Rabbi Charlie Cytron-Walker is back doing what comes most natural, leading Congregation Beth Israel in a Shabbat service, to mark the weekly sabbath.
Cytron-Walker led a 90-minute service on Saturday for members in-person at the Colleyville Center, an event space one mile from the temple.
The service was broadcast live via their Facebook page, just as it was last Saturday when the rabbi and three others were taken hostage during a prayer.
The ensuing standoff lasted eleven hours and ended when Cytron-Walker threw a chair at the hostage-taker, allowing himself and two other hostages to escape out an exit door.
The FBI Dallas field office on Friday confirmed that Malik Faisal Akram, 44, died, “as a result of deadly force employed by the FBI” moments after the hostages escaped.
On Saturday, Cytron-Walker led the service with prayers centered on healing for himself, the other hostages and community.
“At this time we pray for healing of mind body and spirit for the four of us, our whole congregation – for our whole community,” Cytron-Walker said.
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The service included a distinct prayer called “birkat hagomel” for those who have survived a dangerous journey. Cytron-Walker told congregants – on this day – it was designed for the four survivors to express their feelings and offer a blessing rooted in thankfulness.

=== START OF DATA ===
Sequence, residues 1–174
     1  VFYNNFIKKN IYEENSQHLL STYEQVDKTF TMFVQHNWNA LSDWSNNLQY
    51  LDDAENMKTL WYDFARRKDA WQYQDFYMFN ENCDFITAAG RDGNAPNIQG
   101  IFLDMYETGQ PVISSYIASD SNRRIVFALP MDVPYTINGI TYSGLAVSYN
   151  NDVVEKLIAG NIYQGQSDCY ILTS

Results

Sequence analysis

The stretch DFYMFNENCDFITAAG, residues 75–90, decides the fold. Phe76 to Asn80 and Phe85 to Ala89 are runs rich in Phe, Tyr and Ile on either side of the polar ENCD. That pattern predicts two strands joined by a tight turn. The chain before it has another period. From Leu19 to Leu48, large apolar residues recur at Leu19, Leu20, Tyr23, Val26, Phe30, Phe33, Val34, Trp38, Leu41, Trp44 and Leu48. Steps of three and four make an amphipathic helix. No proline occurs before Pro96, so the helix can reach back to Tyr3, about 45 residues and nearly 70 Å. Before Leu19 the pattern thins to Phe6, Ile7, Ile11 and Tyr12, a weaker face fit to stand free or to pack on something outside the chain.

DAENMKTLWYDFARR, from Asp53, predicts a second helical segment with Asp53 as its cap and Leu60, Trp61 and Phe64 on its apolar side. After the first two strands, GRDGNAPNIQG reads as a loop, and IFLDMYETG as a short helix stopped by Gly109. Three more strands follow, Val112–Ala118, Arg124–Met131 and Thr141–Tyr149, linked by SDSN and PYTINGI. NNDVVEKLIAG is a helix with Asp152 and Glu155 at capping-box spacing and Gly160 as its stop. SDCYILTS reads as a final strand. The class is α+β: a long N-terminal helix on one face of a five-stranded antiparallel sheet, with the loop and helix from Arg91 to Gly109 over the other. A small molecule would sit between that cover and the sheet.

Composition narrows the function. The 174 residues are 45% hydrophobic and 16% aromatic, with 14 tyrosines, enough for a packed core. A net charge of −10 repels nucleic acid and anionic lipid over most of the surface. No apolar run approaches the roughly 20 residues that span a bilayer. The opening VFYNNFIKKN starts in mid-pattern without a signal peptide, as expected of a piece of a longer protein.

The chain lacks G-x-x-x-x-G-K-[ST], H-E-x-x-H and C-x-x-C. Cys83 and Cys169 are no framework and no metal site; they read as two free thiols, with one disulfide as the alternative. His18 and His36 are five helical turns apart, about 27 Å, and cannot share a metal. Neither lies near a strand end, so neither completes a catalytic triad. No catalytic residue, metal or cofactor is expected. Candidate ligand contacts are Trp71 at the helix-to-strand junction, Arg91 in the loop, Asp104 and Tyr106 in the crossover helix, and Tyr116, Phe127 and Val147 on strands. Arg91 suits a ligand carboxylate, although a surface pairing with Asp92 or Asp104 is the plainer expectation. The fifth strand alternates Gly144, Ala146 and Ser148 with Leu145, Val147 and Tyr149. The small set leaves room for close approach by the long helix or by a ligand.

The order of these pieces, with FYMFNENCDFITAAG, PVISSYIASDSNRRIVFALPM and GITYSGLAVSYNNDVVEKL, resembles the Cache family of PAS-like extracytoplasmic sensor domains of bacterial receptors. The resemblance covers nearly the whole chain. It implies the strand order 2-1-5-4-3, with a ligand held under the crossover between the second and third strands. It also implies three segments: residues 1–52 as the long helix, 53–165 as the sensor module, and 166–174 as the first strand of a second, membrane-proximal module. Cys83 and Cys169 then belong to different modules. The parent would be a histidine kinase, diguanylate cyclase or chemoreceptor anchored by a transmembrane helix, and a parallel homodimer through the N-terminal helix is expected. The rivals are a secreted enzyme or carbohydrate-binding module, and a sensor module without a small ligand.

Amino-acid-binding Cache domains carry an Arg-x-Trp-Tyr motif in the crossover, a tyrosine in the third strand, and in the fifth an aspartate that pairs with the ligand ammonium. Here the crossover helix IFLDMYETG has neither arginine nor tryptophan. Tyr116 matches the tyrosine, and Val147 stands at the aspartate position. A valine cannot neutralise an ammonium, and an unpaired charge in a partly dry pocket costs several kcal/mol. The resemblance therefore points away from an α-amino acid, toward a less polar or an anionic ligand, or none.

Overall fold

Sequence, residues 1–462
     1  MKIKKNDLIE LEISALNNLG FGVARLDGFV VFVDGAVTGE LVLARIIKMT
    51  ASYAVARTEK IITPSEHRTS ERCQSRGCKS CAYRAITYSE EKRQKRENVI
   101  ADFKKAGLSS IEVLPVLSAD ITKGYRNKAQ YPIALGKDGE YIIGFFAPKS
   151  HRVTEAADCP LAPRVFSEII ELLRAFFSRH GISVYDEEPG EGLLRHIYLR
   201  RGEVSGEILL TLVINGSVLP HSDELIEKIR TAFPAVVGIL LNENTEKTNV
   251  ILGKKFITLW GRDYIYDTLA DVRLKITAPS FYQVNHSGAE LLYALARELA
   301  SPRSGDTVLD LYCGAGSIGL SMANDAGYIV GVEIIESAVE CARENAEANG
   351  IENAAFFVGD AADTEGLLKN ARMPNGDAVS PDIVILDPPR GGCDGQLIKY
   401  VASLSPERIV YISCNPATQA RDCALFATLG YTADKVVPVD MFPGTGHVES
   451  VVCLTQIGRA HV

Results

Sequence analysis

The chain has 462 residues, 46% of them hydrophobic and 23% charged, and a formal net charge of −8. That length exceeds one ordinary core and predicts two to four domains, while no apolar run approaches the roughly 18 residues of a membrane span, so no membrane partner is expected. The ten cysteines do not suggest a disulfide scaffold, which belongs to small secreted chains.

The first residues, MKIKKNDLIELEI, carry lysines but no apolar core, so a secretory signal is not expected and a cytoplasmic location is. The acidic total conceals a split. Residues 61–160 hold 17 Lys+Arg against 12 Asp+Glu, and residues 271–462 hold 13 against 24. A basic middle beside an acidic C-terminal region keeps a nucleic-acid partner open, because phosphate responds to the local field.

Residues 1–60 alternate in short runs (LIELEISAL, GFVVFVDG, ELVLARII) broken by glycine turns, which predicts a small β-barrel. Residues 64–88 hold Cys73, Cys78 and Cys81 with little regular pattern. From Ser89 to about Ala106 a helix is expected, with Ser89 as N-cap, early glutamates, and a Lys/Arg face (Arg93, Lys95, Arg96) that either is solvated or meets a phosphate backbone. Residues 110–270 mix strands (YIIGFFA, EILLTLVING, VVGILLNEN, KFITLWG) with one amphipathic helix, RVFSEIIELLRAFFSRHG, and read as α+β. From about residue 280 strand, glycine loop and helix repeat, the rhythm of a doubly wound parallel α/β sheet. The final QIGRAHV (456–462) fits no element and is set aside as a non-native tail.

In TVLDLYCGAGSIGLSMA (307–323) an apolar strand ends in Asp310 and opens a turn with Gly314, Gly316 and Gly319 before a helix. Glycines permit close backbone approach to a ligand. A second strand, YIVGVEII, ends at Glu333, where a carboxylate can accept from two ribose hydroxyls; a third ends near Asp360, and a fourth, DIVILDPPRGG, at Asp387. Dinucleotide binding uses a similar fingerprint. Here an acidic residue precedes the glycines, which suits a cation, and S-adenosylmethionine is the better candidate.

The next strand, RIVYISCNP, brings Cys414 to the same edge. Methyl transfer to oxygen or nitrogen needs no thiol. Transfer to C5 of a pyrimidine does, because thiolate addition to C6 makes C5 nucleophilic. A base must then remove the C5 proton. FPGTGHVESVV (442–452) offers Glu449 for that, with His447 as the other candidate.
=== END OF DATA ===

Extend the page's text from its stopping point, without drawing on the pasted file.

“I’ve just been through something really traumatic. I’ve just been through a life-threatening situation,” Cytron-Walker said. “And it gives the community an opportunity to respond back ‘we hear you, we know this, we understand’.”
And on Saturday, that community responded around the globe. Viewers online sharing their support in real-time with one saying “shabbat shalom from Chicago. So wonderful to see you together and safe.” Another commenter offered the same sentiment of hope for a peaceful sabbath from Belarus.
For much of the service, the live video feed was just a tiny picture in the upper righthand corner but at the end of the thankfulness prayer, you could still see the four survivors embrace each other.
It marked another moment of healing for Congregation Beth Israel and the Colleyville community.
“We will continue to find ways to heal, we will continue to find ways to have peace,” Cytron-Walker said. “For us, for our community, God willing our nation and our world.”